To make a long room seem shorter, put panels or some other type of wall texture on the end wall

Using a built up entablature above the door, you can make a short door appear taller in a room with a high ceiling.

You can used applied batons to make a drywalled room appear to be made of wood board and baton.(see “Wall Treatments” for complete details)

Your Exterior Trim

The exterior trim on a cottage or house is like make up. It dresses the façade of the building with detail and makes a tremendous visual difference in its harmony and appearance.

Like other parts of the structure, the exterior trim must be commensurate with the style of the building. Modern structures sport radically different trim details than Victorian styled buildings. Queen Anne style buildings are the most decorative in their detail and therefore the most expensive to build. Although modern styled cottages are predominantly devoid of decorative exterior trim, it takes an experienced builder to do the high quality finishes required to achieve high quality minimalist appearance and the strong horizontal lines typically of modern or international style. Sometimes prefabricated modern building are devoid of trim because no one spent the money or took the time to trim it! Windows are frequently left with only their brick mould as trim.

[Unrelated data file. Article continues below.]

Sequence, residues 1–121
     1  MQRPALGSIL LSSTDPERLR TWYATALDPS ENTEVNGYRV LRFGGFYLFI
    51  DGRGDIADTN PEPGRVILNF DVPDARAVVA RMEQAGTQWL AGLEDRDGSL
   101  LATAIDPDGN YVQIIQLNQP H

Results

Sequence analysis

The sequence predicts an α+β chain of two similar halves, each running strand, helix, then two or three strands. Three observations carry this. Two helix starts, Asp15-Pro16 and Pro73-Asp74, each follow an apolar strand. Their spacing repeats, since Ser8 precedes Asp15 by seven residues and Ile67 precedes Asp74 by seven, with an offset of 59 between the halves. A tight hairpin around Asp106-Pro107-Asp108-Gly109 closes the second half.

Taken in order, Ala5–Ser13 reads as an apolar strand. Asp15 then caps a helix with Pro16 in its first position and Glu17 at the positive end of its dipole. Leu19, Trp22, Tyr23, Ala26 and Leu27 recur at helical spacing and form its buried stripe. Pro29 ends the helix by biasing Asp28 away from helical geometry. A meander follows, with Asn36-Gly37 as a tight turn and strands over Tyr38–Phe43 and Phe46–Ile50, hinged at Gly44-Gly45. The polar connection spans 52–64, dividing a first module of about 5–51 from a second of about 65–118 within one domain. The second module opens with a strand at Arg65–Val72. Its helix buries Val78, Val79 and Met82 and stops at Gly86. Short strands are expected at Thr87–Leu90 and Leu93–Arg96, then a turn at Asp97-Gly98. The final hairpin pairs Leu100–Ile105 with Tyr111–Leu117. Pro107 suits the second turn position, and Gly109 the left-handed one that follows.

A distinctive cottage has integrity because all its parts are considered at one time and no component stands alone. This creates a blending of both visual harmony and interest on the exterior of the building.

The following list will provide you with the vocabulary and understanding you require to discuss trim details with your architect and builder. The accompanying pictures put these details into context of how they are used on actual cottages.

Bargeboard- This is the projecting boards placed against the slope of the roof gable of a building

Soffitts- refers to the material that forms a ceiling from the exterior house wall to the outer edge of the roof, bridging the gap between the siding and the roof line. Cottages that have exposed rafter tails do not have soffitt or fascia. In some developments that are based on traditional style, soffitts and fascia are not permitted, in favour of exposed rafter tails.